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New York

>>>ANSA/ Italy Now roadshow in US to promote investment

Junior Minister for Economic Development at symposium

>>>ANSA/ Italy Now roadshow in US to promote investment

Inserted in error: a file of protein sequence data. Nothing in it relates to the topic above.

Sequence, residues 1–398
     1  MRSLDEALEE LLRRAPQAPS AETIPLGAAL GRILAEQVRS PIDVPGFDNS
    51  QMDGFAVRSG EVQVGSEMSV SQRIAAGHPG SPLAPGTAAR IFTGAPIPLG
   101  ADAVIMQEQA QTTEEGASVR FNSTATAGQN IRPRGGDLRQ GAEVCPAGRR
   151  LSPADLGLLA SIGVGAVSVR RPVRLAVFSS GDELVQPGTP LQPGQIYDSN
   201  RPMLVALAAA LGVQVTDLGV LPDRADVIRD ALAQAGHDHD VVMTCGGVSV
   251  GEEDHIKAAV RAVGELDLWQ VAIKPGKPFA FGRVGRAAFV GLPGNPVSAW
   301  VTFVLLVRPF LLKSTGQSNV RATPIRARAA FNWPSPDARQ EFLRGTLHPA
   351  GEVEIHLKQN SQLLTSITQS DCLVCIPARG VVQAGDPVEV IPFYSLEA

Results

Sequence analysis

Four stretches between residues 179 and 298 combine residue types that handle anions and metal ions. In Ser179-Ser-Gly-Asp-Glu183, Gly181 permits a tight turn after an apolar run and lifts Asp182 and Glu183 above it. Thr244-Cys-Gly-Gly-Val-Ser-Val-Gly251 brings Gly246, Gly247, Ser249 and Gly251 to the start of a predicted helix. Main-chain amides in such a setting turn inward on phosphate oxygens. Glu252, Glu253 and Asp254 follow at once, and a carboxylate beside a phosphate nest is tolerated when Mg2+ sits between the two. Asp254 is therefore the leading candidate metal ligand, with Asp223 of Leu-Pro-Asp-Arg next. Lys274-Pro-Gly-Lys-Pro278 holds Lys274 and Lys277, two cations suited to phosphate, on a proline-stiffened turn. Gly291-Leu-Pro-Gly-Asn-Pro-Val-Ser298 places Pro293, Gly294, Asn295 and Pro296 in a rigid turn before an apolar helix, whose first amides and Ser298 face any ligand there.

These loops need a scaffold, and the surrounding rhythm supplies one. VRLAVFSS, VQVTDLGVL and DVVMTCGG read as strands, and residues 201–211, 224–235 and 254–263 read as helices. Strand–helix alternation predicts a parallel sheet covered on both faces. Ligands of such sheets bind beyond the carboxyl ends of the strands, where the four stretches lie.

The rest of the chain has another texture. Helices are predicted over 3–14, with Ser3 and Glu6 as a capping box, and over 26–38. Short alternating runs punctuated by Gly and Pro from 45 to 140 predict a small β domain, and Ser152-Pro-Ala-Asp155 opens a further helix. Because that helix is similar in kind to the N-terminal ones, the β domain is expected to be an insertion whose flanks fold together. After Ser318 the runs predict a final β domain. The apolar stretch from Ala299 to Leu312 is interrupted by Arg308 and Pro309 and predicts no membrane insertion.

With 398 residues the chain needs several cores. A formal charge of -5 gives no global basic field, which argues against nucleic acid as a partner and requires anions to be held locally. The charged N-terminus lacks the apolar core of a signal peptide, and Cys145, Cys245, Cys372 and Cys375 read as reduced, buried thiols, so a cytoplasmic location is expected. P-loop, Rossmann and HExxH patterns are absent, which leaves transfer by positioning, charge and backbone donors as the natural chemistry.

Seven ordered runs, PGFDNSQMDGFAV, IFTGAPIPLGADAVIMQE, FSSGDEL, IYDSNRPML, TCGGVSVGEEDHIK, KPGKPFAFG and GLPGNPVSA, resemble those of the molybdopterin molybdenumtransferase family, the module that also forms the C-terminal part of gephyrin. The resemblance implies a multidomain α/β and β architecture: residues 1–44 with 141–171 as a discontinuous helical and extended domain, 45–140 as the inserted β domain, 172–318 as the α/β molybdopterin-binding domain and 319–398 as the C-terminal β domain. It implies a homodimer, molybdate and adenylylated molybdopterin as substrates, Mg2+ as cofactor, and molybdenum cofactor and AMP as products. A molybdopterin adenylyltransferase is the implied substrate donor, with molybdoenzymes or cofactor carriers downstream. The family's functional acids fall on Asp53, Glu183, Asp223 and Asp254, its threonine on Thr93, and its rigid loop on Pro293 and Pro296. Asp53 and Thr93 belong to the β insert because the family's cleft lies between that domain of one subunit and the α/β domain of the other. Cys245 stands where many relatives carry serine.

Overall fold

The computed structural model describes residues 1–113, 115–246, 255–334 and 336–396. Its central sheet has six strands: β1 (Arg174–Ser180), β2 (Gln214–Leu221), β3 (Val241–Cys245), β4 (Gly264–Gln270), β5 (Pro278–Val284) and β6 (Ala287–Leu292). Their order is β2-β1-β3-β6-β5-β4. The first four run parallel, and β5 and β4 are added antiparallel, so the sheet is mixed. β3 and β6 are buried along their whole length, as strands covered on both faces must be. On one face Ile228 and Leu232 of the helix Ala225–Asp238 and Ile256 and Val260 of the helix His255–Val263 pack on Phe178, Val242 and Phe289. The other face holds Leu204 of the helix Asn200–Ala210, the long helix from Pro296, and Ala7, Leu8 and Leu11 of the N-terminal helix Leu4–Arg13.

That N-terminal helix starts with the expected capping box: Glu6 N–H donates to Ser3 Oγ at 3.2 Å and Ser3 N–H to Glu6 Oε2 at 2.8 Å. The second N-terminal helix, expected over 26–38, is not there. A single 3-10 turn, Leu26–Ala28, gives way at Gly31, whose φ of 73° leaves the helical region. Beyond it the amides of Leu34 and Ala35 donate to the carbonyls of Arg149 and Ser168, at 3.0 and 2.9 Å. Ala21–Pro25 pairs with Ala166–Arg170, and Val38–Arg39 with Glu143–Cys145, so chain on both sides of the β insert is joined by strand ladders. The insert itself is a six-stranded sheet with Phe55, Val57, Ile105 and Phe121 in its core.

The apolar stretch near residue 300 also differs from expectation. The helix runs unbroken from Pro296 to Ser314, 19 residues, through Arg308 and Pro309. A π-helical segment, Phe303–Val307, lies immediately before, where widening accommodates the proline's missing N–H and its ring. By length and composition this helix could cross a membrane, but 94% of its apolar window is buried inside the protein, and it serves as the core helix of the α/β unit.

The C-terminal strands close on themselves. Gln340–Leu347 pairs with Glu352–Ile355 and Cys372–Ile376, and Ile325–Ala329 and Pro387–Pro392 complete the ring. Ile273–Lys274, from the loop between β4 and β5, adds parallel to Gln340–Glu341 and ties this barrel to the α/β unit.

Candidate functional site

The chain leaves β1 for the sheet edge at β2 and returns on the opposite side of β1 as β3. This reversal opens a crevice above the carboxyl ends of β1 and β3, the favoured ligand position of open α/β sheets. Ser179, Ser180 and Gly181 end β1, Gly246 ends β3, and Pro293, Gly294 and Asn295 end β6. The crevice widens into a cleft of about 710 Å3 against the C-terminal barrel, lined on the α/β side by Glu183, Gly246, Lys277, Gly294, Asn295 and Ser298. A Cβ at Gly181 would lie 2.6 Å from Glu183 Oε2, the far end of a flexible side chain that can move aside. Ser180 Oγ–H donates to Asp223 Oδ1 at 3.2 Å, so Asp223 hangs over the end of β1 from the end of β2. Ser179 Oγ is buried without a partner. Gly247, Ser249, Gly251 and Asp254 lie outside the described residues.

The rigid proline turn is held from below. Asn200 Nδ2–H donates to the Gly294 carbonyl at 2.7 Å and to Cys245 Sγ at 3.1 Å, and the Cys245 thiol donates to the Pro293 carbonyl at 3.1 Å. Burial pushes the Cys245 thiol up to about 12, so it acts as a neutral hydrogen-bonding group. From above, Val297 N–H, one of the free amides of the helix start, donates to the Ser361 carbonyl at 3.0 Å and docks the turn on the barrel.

New York, January 13 - Now is the right time, with the right conditions, to invest in Italy, according to the Junior Minister for Economic Development Carlo Calenda, who is currently in the United States to promote trade with the two-city symposium "Italy Now: Investment, Opportunity, Impact". The first was held was held at Bloomberg headquarters in New York City on Tuesday, and is part of a larger global roadshow by the Italian Trade Commission (ICE) called "Invest in Italy", which held similar events late last year in Turkey and Japan. Calenda said the Italian government's strategy to attract foreign capital rests upon two pillars: structural reforms in various sectors and a new model of governance. A positive picture of Italy emerges from the data, and despite the fact that there is still a long ways to go, foreign investment represents an essential element for the country's growth, he said. "Italian exports have grown 37% between 2009 and 2015," said Calenda, adding that the government is "dismantling a system that is has lasted over 40 years and has been hostile to business. "In 2015, GDP began to grow again with an 0.8% increase, while for the current year it's predicted to rise by 1.6%," he said. Riccardo Monti, president of ICE, and Claudio Costamagna, president of Italian state lender Cassa Depositi e Prestiti (CDP), and were also in attendance at the roadshow, which moves to San Francisco on Wednesday. Monti said foreign investments in Italy grew 50% in 2015, totalling 30 billion dollars, although he specified that those figures were still preliminary, with definitive data to be released in May. Costamagna, who spoke before investors together with Erik Nielsen, global chief economist of Unicredit, called it a "magic moment" for Italy, but cautioned that it must be managed and that there are "anomalies" that have to be corrected. "People look at Italy, but often the package isn't marketable to international investors," Costamagna said, stressing that the role of CDP is that of facilitating private investments. "We can't be substituted by the State, we won't be a new IRI," he said, referring to the Institute for Industrial Reconstruction founded in 1933 to face the banking crisis of the Great Depression. Costamagna said CDP's objective is to "work in a way that creates profit, but we don't have to maximize profits". He said Italy is made up of a fabric of small and medium-sized businesses that in order to survive must grow in terms of investment and capital, or sell. "Once it was thought that small was good, but now everyone knows that's not the case". Andrea Illy, president and CEO of Illy Caffè, was also at the symposium, as well as David Joyce, president and CEO of GE Aviation. GE Avio, in fact, signed a Memorandum of Understanding with Italy's Ministry of Economic Development, together with the regional governments of Piedmont, Campania and Puglia, to study investment opportunities totalling about 200 million euros. That agreement is set to be ratified in Italy.

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